First came the great Valentine’s cabinet reshuffle of 2020. Then, Prime Minister Boris Johnson was blindsided by the resignation of the Chancellor, Sajid Javid. It happened less than a month before the first non-EU budget in more than 40 years. Step up Rishi Sunak. This rookie minister had spent just six months as Chief Secretary to the Treasury before being given the keys to 11 Downing Street.
Some thought the Budget might be postponed while the new Chancellor settled into his new role. However, Mr Sunak has since confirmed it will go ahead as planned on 11 March. The budget may be the most important of recent years. The combination of Boris Johnson’s desire to influence its outcome and Sunak’s eagerness to make his mark also make it an unpredictable one.
We shall, however, attempt to make predictions about what it might contain, although we think it’s likely it will also throw up several surprises.
Removing the North vs South divide
Many Labour voters in the Midlands and north of the country switched allegiances to vote Conservative in the last election, with some swayed by Tory promises to reduce the economic inequality between the North vs South divide.
The government is likely to allocate a substantial amount of money for this initiative. There is also talk of moving some decision-making bodies to locations further north.
Expect to see some serious repercussions if the Chancellor doesn’t follow through on these election pledges.
An increased threshold for National insurance (NI)
On the campaign trail for the Tory leadership, Boris Johnson promised to cut tax for high earners. The idea was soon dispensed with as December’s general election loomed. In its place is the possibility of raising of the NI threshold to £12,500 over the next few years. Lowest-paid workers can expect to save around £100 annually if the Chancellor delivers on the Prime Minister’s promise.
The Queen got on the reform bandwagon during her Queen’s Speech following the general election. This led us to believe that first-time homebuyers will receive a discount to help them get on the property ladder.
Known as the First Homes scheme, those who buy new-builds will benefit from the discount if they buy in their local area. The scheme will also ensure future purchasers benefit as the properties have to be sold with a 30% discount on their market value.
If the chancellor decides to try and boost the housing market further, he may introduce a cut to the rate of stamp duty for lower-threshold properties. Again, this would help first-time buyers and those on lower incomes.
Social care reform
The Queen dropped another hint at what could come in the Budget during her speech. She said the Government would look to work with other parties on social care reform – in particular, ensuring people don’t need to sell their homes if they have to go into a care home. The Chancellor is likely to allocate a larger budget to revamp the social care system. However, councils can sneak in a 2% rise in Council Tax to pay for it.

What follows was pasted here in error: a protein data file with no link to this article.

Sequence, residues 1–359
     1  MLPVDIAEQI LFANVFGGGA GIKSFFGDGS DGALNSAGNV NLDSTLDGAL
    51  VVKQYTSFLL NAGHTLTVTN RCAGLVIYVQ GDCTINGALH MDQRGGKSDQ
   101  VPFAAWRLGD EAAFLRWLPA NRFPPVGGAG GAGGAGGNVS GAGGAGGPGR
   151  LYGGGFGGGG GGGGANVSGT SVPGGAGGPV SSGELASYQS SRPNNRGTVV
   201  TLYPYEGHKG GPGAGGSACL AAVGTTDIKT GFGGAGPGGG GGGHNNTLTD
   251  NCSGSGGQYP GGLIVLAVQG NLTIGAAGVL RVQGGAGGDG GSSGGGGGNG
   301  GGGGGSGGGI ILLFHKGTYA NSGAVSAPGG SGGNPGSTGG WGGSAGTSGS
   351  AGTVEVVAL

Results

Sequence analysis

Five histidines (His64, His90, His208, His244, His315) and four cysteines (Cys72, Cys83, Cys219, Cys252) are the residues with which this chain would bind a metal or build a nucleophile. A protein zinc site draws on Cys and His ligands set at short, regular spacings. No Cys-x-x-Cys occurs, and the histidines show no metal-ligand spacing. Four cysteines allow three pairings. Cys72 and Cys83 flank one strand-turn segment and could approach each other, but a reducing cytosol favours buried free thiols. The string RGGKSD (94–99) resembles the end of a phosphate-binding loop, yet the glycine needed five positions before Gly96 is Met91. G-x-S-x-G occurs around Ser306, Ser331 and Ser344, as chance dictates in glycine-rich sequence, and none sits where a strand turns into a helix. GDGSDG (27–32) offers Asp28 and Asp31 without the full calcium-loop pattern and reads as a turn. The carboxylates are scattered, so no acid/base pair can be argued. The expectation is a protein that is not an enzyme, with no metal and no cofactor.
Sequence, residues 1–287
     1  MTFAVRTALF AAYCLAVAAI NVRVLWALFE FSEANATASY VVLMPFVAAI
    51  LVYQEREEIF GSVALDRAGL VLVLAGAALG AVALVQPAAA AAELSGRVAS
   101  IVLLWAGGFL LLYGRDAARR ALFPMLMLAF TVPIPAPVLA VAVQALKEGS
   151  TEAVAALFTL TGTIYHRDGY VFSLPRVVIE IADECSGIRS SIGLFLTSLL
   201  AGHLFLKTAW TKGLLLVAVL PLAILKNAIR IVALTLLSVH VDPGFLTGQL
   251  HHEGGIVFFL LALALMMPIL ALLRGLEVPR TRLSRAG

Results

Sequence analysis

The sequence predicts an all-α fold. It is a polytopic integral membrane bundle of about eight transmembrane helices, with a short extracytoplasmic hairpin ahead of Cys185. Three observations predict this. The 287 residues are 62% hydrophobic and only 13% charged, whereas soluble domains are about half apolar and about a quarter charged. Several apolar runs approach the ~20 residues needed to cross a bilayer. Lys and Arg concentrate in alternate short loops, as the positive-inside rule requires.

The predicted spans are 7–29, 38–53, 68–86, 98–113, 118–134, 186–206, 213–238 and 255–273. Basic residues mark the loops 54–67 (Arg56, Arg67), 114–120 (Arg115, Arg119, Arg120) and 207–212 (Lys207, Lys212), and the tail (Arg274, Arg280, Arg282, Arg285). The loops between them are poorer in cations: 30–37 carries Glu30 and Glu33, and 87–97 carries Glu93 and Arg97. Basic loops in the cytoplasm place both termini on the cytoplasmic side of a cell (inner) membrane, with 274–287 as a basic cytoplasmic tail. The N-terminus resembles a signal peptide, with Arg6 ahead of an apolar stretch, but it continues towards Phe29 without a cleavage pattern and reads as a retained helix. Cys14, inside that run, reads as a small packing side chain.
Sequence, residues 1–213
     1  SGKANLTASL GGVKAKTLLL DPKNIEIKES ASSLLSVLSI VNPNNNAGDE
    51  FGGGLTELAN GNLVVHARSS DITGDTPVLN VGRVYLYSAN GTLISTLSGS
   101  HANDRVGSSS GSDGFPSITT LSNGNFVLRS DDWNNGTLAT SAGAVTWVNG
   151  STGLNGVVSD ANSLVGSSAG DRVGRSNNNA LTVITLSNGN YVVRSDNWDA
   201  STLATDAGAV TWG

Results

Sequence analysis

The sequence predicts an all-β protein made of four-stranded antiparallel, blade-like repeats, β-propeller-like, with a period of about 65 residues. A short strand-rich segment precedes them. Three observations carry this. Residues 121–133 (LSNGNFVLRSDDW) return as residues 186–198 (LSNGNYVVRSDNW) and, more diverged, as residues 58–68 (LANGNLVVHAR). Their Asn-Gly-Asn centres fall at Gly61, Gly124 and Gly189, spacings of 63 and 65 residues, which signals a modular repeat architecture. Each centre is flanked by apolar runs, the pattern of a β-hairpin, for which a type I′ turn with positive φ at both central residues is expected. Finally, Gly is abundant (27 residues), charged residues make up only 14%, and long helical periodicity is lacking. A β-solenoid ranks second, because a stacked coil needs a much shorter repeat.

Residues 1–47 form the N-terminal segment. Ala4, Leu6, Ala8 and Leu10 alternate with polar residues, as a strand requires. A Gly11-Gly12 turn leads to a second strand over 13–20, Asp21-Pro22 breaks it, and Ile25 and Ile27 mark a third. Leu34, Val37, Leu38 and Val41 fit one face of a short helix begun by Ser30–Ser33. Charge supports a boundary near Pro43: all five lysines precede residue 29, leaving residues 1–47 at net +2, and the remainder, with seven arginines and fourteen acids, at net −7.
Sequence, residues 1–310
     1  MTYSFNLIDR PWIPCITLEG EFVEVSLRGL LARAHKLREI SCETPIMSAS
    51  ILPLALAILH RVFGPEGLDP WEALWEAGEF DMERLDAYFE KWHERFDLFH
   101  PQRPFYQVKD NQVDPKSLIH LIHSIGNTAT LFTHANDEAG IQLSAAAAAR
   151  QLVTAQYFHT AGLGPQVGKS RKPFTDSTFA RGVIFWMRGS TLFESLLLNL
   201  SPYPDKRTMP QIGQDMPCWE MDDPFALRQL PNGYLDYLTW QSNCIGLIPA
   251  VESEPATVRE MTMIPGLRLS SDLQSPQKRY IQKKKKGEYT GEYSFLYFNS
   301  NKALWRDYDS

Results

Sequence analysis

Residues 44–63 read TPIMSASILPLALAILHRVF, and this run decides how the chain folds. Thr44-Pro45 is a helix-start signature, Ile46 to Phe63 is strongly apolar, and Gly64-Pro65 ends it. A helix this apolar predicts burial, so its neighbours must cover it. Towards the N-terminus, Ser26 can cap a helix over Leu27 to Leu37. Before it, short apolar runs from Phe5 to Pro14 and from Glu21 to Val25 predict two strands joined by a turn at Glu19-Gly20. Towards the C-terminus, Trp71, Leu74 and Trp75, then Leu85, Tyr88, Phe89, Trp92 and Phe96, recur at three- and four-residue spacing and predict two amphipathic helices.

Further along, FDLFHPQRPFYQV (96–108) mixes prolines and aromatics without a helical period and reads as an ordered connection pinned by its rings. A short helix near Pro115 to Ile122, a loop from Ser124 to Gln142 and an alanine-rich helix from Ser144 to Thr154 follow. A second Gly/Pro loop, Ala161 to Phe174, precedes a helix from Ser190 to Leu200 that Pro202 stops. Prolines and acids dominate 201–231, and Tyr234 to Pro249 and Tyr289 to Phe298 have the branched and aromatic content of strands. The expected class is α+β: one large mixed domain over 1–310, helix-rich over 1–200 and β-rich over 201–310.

The previous Chancellor had mooted the possibility of giving company owners a tax break in the form of a cut in Entrepreneurs’ Relief. However, it’s debatable whether Sunak will continue with this following criticism that it wouldn’t meet its aim of encouraging business investment, and that it would only benefit already-wealthy business owners. One possibility is that Sunak adapts the plans and directs the relief towards small and medium-size businesses only.
Pension tax relief
There may be some pension reforms on the horizon. However, those in the know have already dismissed the possibility of the current higher-rate relief being scrapped and replaced by a flat rate. Instead, some commentators believe the Chancellor may reduce the amount that can be paid into a pension per year. He may also opt to get rid of tapering rules which limit the amount higher-rate taxpayers can pay in.
Most people are expecting more environmentally friendly measures to be introduced on 11 March. A staple of any budget, we can anticipate a rise in fuel duty.
Other measures the Chancellor may be considering are additional charges for single-use plastics and investment in greener technologies. For example, measures to encourage the use of low-carbon vehicles and changes to the National Infrastructure Plan to improve sustainable development.
The budget looks likely to bring much-needed reforms in several areas. Reforms come at a cost, however. Rather than borrowing to fund them, economists are arguing that the Chancellor will cut tax reliefs as a way of raising the money.
This budget is further complicated by the Government’s obligations to satisfy several disparate groups. From defecting Labour supporters who gave Boris Johnson his 80-seat majority, to traditional Conservative Remain voters expecting immigration reforms, it is unlikely that everyone’s expectations will be satisfied.
If you’re concerned about how the budget may affect you and your business, talk it through with one of our tax and accountancy specialists today.
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